Saturday, June 04, 2016

Know Your City - St. Louis Architecture

   St. Louis is a bastion of remarkable architecture. Through history, the city has been home to many notable and innovative architectural achievements. 

Basilica of St. Louis, (The Old Cathedral)

  • The first cathedral west of the Mississippi
  • Completed in 1834
  • Named for King Louis IX, the namesake of the city
  • 95 ft. 
  • Sole survivor of the Jefferson National Expansion Memorial
  • Greek Revival style

The Old Courthouse

• Originally served as a federal and state courthouse, now operates as a museum
• First completed in 1828. Renovations continued until 1864
• The tallest building in St. Louis and Missouri until Union Station was built in 1896
• 192 ft.
• Housed the Dredd Scott case
• Greek Revival style

Anheuser-Busch Brewery

• Anheuser-Busch’s largest and oldest brewery
• Opened in 1852
• The six-story Brew House is the centerpiece and is crowned by a clock tower
• In 1852, annual production was about 1.8 million barrels. Today, that number is 15.8 million
• Romanesque style
• National Historic Landmark District

Eads Bridge

       • At 6,442 ft. the Eads Bridge was the longest arch bridge in the world in 1874
       • Named for designer and builder James Eads
       • Road and railway bridge
       • The first true use of steel in a major bridge
       • Encountered intense resistance from steamboat interests
       • National Historic Landmark 

Wainwright Building

       • One of the first skyscrapers in the world
       • Completed in 1891
       • Named for Ellis Wainwright, a local brewer, building contractor, and financier
       • 147 ft.
       • Palazzo style
       • National Register of Historic Places

Union Station

       • Once the world’s largest and busiest train stations
       • Completed in 1894
       • Modeled after the Allegheny County Courthouse in Pittsburgh
       • Today it serves two passenger lines (Metro Link) and acts as a shopping center and hotel 
       • “The Meeting of the Waters” fountain celebrates the Mississippi and Missouri rivers 
       • Romanesque Revival style
       • National Historic Landmark

St. Louis Art Museum

      • Built for the 1904 World’s Fair
      • Architect Cass Gilbert drew inspiration from the Baths of Caracalla in Rome
      • Inscribed “Dedicated to art and free to all”
      • Six statues atop the entrance represent the principal periods in art history – Egyptian, Classic,    Gothic, Renaissance, Oriental, and Modern
      • “The Apotheosis of St. Louis” statue looms over “art hill” in front of the museum

Flight Cage

       • Purchased for the 1904 World’s Fair
       • Represented the founding of the St. Louis Zoo
       • Remains one of the largest aviaries in the world

Cathedral Basilica of St. Louis (The St. Louis Cathedral)

       • The mother church of the Archdiocese of St. Louis and the seat of the archbishop
       • Completed in 1914
       • 227 ft. Max capacity of 5000
       • The cathedral’s crypt is the resting place of three Catholic Cardinals
       • With 41.5 million glass tesserae pieces, it has one of the largest mosaic collections in the world
       • Neo-Byzantine Romanesque Revival
Fox Theatre

       • “The Fabulous Fox Theatre” was designed as a movie palace
       • Completed in 1929. Restored in 1982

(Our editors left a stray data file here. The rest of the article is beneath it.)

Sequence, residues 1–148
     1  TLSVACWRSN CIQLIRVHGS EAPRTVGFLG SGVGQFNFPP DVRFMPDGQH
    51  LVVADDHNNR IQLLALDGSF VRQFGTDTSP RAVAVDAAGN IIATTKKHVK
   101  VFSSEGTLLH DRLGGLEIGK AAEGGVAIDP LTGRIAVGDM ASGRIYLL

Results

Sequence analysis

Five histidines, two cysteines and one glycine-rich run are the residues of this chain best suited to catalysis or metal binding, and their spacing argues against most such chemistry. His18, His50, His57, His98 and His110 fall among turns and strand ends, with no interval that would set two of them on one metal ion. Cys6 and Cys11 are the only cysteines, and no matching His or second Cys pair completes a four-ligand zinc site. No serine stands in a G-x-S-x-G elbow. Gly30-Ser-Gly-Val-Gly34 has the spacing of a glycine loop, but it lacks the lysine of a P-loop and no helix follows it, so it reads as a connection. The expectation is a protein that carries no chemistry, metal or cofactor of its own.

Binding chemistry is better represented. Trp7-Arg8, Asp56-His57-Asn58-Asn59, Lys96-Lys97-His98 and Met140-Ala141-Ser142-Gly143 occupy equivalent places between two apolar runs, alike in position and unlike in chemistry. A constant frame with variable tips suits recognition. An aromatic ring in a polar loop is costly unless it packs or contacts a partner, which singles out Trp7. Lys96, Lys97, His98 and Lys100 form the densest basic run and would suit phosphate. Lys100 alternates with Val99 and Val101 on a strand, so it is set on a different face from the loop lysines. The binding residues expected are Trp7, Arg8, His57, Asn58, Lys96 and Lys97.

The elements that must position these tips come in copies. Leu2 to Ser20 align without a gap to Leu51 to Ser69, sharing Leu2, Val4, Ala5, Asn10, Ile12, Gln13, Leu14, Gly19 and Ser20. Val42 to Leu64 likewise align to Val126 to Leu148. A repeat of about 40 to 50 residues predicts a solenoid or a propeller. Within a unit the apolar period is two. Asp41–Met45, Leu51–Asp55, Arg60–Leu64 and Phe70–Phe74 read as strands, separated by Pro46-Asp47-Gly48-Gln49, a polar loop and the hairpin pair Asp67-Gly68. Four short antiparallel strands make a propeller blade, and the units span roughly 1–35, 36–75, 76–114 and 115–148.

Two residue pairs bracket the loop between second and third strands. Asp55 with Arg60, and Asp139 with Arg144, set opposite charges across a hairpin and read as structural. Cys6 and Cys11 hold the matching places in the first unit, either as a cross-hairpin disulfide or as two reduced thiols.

• Now serves as a performing arts center 
       • Siamese Byzantine style
       • National Register of Historic Places
       • The Fox Theatre of Detroit is its architectural twin

St. Louis Arena

       • The city’s primary venue for large events for nearly seventy years.
       • 1929-1999
       • Originally built for Dairy Shows
       • At the time of its construction, it was the second largest indoor entertainment space in the country (behind only Madison Square Garden)
       • Home of the St. Louis Blues, St. Louis Steamers, St. Louis Hawks, and many more
       • Concerts by Led Zeppelin, Michael Jackson, and ZZ Top

Civil Courts Building

       • Replaced The Old Courthouse as the city’s court building
       • Part of the City Beautiful movement in the 1920s
       • Completed in 1930
       • 386 ft.
       • The pyramid on top was designed to resemble the Mausoleum of Maussollos. There are thirty-two columns which each measure nearly 42 ft. high
       • Two sphinx like creatures crown the structure


       • Missouri Botanical Garden
       • First air-conditioned greenhouse dome
       • Named one of the top 100 most significant architectural achievements by the AIA

Gateway Arch

       • A monument to the westward expansion of the United States
       • The tallest man-made monument in the Western Hemisphere
       • Completed in 1965
       • 630 ft.
       • Eero Saarinen won a design contest for a monument in the Jefferson National Expansion Memorial on the St. Louis riverfront but died before work on the Arch began.
       • Cost $13 million ($180 million in 2013)
       • National Historic Landmark
       • Structural expressionism style


Visit the library to check out these great books (and many more) on St. Louis architecture. 

"American City: St. Louis Architecture: Three Centuries of Design" - Robert Sharoff

"St. Louis in Watercolor: The Architecture of a City" - Marilynne Bradley 

"Historic Photos of the Gateway Arch" - NiNi Harris

The Collinsville Library's "Know Your City: St. Louis History Club" meets monthly to discuss various aspects of St. Louis culture and history. The next meeting, "Famous St. Louisans", is July 6th. 

Posted by Terry Pierson, Programming Technician